Denmark, the world's biggest producer of mink fur, said Wednesday it would cull all of the country's minks after a mutated version of the new coronavirus was detected at mink farms and had spread to people.

The mutation "could pose a risk that future (coronavirus) vaccines won't work the way they should," Prime Minister Mette Frederiksen told a press conference.

Denmark to cull minks
Employees from the Danish Veterinary and Food Administration and the Danish Emergency Management Agency wearing PPE arrive in October 2020 to start killing minks in Gjol, Denmark, due to contamination with the Covid-19 coronavirus. Photo: Ritzau Scanpix / Henning Bagger

"It is necessary to cull all the minks."

Denmark's police chief Thorkild Fogde said they would start the culling as "soon as possible," but conceded that with 15 million to 17 million minks spread over 1,080 farms it was "a very large undertaking".

Denmark to cull minks
A sign in Danish language reads "No access -- risk of Covid-19 infection" at a mink farm in Hjorring, in North Jutland, Denmark (pictured October 2020). Photo: Ritzau Scanpix / Mads Claus Rasmussen

The World Health Organization said the novel coronavirus spreads primarily through human-to-human transmission, but that "there is evidence of transmission at the human-animal interface".

Several animals -- including dogs and cats -- have tested positive for the virus and there have been reported cases at mink farms in the Netherlands and Spain, as well as in Denmark.

Denmark PM Mette Frederiksen and health minister
Denmark's Prime Minister Mette Frederiksen (R, pictured September 2020) and Health Minister Magnus Heunicke both said that the minks could pose a threat to coronavirus vaccines. Photo: Ritzau Scanpix / Martin Sylvest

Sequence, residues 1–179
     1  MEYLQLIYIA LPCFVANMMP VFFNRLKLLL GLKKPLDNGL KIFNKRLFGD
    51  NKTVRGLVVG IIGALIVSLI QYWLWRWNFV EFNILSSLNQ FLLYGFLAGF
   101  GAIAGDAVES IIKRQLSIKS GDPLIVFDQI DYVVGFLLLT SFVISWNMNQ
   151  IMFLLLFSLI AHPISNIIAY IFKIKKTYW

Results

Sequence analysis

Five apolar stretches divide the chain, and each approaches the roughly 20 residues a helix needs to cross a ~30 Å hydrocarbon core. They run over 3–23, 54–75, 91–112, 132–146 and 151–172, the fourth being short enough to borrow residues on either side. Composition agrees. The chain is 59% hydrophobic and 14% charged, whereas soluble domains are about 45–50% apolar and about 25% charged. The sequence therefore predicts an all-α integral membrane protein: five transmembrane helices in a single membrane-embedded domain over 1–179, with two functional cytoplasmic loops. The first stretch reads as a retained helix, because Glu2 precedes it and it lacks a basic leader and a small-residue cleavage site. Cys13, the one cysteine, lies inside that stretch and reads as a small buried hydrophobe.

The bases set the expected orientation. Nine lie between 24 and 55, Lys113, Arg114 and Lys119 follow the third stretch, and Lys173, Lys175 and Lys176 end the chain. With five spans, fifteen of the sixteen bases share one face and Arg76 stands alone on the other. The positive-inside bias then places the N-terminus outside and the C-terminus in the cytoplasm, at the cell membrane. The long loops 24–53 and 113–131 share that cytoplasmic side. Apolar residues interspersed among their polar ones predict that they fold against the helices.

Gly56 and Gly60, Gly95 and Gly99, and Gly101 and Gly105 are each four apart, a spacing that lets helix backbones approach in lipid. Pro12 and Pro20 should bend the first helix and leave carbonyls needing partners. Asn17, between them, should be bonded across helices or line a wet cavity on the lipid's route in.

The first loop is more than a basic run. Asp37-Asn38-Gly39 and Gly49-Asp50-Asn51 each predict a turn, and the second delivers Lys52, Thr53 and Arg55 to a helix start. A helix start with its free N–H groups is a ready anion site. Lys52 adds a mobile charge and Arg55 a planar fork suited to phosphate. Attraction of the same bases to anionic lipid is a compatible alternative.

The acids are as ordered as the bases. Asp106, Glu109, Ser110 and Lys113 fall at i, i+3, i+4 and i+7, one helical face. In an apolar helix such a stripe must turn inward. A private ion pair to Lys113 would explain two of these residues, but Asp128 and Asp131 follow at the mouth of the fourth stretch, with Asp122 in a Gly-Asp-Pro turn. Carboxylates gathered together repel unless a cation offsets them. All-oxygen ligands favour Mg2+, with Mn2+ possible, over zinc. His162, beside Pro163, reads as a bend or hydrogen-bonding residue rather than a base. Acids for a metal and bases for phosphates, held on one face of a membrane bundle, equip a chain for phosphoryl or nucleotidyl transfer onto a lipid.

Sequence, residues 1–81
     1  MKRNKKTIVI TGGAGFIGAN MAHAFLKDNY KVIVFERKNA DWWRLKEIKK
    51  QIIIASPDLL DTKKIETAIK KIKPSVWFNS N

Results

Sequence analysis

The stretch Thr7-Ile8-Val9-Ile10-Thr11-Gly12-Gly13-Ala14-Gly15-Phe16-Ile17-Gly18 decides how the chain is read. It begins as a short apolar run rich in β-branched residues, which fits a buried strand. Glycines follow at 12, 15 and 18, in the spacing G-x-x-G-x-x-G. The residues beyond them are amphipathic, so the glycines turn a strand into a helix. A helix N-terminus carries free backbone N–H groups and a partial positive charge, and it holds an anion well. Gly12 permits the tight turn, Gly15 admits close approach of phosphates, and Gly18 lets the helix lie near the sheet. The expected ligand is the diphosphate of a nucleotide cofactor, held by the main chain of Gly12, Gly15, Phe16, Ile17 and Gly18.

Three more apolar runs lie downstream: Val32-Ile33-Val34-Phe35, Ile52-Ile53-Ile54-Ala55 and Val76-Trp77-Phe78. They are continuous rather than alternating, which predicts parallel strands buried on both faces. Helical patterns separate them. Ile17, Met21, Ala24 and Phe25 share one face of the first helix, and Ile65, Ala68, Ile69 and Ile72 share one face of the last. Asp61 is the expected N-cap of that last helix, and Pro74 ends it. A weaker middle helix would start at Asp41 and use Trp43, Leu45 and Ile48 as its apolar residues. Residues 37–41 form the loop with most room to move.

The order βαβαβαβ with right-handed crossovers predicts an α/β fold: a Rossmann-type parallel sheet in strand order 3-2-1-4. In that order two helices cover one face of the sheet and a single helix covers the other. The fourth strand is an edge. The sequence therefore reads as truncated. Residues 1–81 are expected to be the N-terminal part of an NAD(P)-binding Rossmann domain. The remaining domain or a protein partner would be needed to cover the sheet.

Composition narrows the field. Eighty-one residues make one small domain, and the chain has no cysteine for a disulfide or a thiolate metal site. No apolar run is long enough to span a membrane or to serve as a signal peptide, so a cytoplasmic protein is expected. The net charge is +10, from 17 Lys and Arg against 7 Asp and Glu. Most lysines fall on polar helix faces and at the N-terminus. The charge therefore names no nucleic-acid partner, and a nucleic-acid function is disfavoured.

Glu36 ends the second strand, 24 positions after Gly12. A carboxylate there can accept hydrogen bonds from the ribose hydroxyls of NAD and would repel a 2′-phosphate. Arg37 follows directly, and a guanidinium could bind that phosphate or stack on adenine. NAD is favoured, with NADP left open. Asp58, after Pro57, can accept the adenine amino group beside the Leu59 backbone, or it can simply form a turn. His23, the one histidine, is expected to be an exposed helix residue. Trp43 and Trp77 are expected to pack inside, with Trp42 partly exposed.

"In a few instances, the minks that were infected by humans have transmitted the virus to other people. These are the first reported cases of animal-to-human transmission," the WHO said in a statement sent to AFP.

The novel coronavirus has been detected at 207 Danish mink farms, including some cases with a mutated version that has been confirmed to spread back to humans.

Health authorities have also concluded that the mutated virus "is not inhibited by antibodies to the same degree as the normal virus".

"Studies have shown that the mutations may affect the current candidates for a Covid-19 vaccine," Health Minister Magnus Heunicke said.

"It is a threat to the development of coronavirus vaccines. That is why it is important that we make a national effort," he added.

While the majority of cases had been observed in the northern part of the Jutland region, all minks in the country would still be culled.

The World Organisation for Animal Health (OIE) is developing new technical guidance on animal health, including on testing and quarantine, the WHO said.

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